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Quad-Cities Sports Commission, in some form, to return to improve area sports tourism

Quad-Cities Sports Commission, in some form, to return to improve area sports tourism

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Bringing back the Quad-Cities Sports Commission, in some form could help the area attract large sporting events, like the Missouri Valley Conference Women's Basketball Tournament, which returns to the TaxSlayer Center March 12-14.

A regional sports commission, or something similar, is getting a renewed focus.

Visit Quad-Cities and officials from the Huddle Up Group gathered for a presentation Wednesday in a conference room at the TaxSlayer Center in Moline. The room was filled up with a few dozen local officials, hotel representatives and other stakeholders.

Jon Schmieder, founder and CEO of the Huddle Up Group, made a presentation about sports tourism that displayed the Quad-Cities' strengths and where improvements can be made. Its work is part of a master tourism plan being crafted by Resonance Consultancy. The company will “format a new plan, a new playbook” for the sports tourism market, according to Dave Herrell, president and CEO of Visit Quad Cities.

One of the main takeaways is a renewed local sports commission. It remains to be seen what form that ultimately may take, Herrell said.

The Quad-Cities Sports Commission was founded in 1996 as an offshoot of the convention and visitors bureau, now known as Visit Quad Cities.

Herrell anticipates working with his staff and board of directors to determine how to relaunch it.

“It might not be called the Quad-Cities Sports Commission. It might not have the same name, look, tone, feel, logo (or) brand. But what it will have is a purposeful vision and a purposeful direction and the right leadership around the table to position our sports interest moving forward,” Herrell said.

Schmieder said the Q-C region is “blessed” to have what has become the TBK Bank Sports Complex in Bettendorf, which has been adding retail off Middle Road near Interstate 80.

He said the Bettendorf sports complex likely needs a larger footprint to become nationally competitive for sports events or tournaments.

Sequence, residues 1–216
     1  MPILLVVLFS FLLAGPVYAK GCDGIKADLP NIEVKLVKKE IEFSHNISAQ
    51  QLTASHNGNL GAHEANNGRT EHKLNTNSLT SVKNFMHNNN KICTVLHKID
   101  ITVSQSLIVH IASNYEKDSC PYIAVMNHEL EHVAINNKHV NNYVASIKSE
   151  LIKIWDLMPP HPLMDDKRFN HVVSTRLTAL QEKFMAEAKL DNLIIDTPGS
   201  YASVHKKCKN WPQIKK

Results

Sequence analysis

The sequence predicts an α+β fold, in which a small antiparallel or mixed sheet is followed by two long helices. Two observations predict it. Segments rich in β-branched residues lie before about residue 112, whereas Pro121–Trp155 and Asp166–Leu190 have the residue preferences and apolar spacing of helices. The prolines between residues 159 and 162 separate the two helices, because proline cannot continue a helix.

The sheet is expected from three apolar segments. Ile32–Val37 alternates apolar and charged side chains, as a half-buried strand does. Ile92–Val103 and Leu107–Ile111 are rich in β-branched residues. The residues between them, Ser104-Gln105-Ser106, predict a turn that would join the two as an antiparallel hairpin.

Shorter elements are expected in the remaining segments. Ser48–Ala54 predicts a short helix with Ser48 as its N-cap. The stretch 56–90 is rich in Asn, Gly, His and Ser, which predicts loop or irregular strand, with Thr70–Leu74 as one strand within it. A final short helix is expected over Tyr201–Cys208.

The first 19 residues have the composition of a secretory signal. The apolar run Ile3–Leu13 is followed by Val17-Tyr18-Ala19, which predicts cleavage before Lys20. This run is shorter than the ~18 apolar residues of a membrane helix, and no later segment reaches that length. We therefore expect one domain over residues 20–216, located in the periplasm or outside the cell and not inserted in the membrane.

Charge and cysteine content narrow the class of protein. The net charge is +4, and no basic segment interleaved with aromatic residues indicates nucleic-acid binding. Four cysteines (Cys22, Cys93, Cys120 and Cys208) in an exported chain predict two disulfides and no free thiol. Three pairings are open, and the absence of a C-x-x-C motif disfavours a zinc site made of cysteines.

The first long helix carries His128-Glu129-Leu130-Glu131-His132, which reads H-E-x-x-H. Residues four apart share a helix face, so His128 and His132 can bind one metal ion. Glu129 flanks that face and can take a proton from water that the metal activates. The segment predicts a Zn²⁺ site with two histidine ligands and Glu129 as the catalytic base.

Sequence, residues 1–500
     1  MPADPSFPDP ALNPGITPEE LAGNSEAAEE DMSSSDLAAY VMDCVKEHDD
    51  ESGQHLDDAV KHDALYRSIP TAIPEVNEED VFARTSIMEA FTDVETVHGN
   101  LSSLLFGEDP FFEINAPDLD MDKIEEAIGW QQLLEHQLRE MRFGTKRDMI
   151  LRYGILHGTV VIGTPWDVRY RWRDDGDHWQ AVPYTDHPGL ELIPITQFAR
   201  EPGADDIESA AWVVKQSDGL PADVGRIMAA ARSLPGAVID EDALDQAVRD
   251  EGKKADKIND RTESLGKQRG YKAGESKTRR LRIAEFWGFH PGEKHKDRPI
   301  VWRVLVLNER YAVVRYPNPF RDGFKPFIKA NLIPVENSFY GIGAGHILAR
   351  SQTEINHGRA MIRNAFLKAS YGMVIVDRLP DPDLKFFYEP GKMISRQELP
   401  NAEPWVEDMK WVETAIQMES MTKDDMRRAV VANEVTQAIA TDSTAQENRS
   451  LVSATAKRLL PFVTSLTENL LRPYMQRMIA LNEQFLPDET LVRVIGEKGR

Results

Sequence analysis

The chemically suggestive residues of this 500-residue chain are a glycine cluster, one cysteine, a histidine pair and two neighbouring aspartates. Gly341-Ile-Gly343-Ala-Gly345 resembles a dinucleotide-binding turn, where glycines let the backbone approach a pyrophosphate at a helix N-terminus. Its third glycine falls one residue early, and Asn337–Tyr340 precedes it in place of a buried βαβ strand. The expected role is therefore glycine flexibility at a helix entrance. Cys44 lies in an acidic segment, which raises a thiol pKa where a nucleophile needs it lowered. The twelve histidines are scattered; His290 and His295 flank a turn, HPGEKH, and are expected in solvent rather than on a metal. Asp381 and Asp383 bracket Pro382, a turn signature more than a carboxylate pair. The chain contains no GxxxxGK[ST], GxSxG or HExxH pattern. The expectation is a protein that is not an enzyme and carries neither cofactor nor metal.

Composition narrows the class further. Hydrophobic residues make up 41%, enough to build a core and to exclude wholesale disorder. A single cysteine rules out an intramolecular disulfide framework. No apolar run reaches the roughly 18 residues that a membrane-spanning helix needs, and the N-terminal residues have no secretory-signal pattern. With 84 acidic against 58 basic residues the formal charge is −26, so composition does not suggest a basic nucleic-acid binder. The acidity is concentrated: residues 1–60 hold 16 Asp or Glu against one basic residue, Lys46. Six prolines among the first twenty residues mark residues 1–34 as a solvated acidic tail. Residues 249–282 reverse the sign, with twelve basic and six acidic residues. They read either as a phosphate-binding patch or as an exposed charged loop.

“We could host the same event that (area families) fundraise for and go to Disney for,” Schmieder said.

Dave Stow, CEO of TBK Bank Sports Complex, was in the crowd for the presentation.

“We have other areas we could still grow inside and outside. We’re not activating any of those yet,” Stow said.

He pointed out a 20,000 square-foot indoor beach volleyball court is being split into reallocated spaces. And retail continues to fill the surrounding grounds of the sports complex to make a one stop for families who come for sporting activities.

The ability to eat, buy apparel, stay at a hotel and fill up their cars with gasoline makes the complex area a “great little pocket of a community,” Stow said.

Schmeider also recommended creating a unified calendar of events and a regional facility plan.

“We don’t want to build redundant facilities,” Schmieder said.

Huddle Up’s recommendations will be taken under advisement by Visit Quad Cities.

Herrell estimated about 100 people attended the presentation, showing there is community interest in the master tourism plan and other current projects.

“As a nonprofit, as a private-public entity, we want to make sure that we’ve got the right people around the table that can tackle big topics and put the right plan and playbook in place,” he said.

“I think the fact that we’ve got all these people willing to lock hands and say ‘let’s get after this together,’ says a lot about the Quad-Cities.”

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Forty-eight percent of Quad-City residents brag about being from the QCA yet 83% said they were proud to call themselves Quad-Citizens, community survey results found.

“There’s almost a contrast there of people being proud and enjoying the place they live in, but for some reason they don’t have this mindset that a lot of people outside of the destination believe that the Quad-Cities is a good place that outsiders would want to come and experience it for themselves,” McCaul said.

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